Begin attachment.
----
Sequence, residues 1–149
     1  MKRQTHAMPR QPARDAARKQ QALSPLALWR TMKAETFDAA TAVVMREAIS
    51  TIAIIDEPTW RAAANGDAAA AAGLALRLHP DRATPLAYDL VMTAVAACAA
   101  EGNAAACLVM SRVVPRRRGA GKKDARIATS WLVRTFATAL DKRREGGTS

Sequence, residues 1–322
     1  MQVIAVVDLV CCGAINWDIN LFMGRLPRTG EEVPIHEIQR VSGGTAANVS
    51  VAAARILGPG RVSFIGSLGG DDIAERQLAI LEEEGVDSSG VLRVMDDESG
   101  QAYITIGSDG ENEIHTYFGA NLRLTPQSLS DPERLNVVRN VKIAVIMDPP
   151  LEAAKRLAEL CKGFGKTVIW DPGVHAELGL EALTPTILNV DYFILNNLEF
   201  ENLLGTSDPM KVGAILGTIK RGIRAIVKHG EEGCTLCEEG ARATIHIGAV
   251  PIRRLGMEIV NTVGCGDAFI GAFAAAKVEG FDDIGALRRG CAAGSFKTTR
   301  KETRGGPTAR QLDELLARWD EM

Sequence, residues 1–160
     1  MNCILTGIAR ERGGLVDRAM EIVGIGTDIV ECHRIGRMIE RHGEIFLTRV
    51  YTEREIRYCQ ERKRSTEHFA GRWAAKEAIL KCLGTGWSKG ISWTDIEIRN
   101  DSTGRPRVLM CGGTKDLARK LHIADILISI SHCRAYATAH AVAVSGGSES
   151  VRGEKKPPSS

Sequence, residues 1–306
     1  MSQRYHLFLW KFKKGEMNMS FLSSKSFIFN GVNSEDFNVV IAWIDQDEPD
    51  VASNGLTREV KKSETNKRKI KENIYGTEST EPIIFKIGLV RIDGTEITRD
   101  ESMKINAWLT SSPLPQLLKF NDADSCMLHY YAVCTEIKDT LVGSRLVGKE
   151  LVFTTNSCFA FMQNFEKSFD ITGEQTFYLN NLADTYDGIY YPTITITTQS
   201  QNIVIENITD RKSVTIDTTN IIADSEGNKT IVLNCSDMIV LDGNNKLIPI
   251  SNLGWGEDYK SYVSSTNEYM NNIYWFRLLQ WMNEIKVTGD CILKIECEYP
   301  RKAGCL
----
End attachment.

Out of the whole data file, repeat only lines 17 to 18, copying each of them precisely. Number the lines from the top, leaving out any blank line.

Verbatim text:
   151  VRGEKKPPSS

Sequence, residues 1–306